Leaving aside the issue of why a Clinton operative like Daou should be put in charge of “rigorously vetting” the facts about the 2016 Clinton campaign, what’s Verrit’s value proposition? Don’t we already have Media Matters? And don’t the Podesta mails show the Clintonites working the press like nobody’s business? And how about Shattered? Will facts from that book also appear on Verrit? (The interview with Daou is noticeably light on who is doing the actual fact-checking, and what their methodology is.) Daou, in the interview, claims that he and his wife, Leela, are funding the site, so I went looking for confirmation; it seems odd to me that a “made man” (or couple) in HillaryLand would have to self-fund. Here’s the About page:

Nothing there. Naturally, I registered with Verrit’s mailing list at once, and MailChimp informed me of their address, so I Googled for it:

A UPS store in White Plains? Not reassuring, although sufficient for CAN-SPAM. (I also ran a whois on “www.verrit.com,” and got nothing, although the IP address is hosted by CloudFlare. So that rules out Clinton’s basement.)

Just for grins, I thought I’d find out whether Daou thinks the Russian story is important enough to put up right away:

Nope. Sanders? Of course. So I guess we know who the Clintonites really consider a threat.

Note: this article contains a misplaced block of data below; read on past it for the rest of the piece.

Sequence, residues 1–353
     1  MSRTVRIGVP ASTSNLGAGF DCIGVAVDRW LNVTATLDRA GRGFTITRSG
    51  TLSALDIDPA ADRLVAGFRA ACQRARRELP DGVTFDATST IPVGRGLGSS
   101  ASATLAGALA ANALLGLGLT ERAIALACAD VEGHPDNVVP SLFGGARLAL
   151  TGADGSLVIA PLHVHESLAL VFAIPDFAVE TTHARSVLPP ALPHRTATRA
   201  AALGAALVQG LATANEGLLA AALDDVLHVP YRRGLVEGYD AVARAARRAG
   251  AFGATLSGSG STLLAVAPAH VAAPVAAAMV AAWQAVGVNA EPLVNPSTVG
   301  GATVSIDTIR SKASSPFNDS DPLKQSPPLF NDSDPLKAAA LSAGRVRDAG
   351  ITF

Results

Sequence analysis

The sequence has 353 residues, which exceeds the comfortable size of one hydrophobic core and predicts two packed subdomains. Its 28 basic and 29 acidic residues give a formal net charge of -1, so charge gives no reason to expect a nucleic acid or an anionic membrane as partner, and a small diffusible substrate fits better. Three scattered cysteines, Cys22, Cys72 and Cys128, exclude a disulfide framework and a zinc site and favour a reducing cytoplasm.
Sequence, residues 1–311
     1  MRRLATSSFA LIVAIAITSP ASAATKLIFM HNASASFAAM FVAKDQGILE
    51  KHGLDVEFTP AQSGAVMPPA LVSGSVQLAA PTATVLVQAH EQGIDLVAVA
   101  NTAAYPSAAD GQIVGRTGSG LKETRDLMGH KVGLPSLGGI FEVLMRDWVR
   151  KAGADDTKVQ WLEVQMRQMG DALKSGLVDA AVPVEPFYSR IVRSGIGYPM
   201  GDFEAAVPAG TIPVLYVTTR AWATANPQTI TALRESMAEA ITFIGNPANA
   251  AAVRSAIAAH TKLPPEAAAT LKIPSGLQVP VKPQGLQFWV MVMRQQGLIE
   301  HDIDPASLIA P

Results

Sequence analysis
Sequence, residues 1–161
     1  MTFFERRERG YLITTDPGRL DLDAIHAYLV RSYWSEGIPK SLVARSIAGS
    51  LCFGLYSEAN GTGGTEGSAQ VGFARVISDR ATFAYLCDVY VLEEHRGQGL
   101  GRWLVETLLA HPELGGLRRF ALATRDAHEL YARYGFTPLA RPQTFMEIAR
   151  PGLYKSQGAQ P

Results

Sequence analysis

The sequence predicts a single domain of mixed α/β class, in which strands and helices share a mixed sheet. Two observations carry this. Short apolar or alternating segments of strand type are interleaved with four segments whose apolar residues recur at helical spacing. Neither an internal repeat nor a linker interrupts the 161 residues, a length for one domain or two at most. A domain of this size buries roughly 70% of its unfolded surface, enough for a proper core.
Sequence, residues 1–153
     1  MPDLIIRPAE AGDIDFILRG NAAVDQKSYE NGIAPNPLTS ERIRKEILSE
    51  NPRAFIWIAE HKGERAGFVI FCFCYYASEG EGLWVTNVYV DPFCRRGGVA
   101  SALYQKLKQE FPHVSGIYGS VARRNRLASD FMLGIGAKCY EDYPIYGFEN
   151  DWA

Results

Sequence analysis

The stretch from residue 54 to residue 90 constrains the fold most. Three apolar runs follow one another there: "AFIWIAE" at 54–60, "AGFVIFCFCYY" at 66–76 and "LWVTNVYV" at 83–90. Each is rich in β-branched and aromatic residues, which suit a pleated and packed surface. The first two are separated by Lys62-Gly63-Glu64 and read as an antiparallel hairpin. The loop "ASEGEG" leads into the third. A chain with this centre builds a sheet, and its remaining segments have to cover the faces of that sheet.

Of course, the parodies — including that famous “authentication code” — have already begun:

I mean, I think this is ironic… Another one:

And in another part of the forest, Clinton’s book on the 2016 campaign, What Happened? is coming out. Deploy the blame cannons:

Oh, “basically the same thing, but bigger” like #MedicareForAll? Like tuition-free college? Chutzpah! And how foolish anybody who believed all that “unity” crapola, when all the liberal Democrat insiders on the planet must have known this garbage scow was chugging downstream… Oh, and what a coincidence that Daou’s Verrit meme generator comes out just in time to metastasize clips from Hillary’s book!

Here too the parodies have begun:

Robbie Mook is why we can’t have nice things.

Realignment and Legitimacy

The liberal Democrat fever swamp:

Relying on Norman Ornstein’s “Rewriting the Rules of Presidential Succession,” Tribe proceeeds to tweet a scenario for electing a new President and Vice President, bypassing the electoral college, if Trump and Pence resign or are removed. I think this is demented; if Trump and Pence are removed — at least on any evidence I’ve seen — there aren’t going to be elections, at least not nationally. In essence, Tribe and his fellow members of the political class think they have authority they no longer possess. So did the Bourbons. And the Romanovs.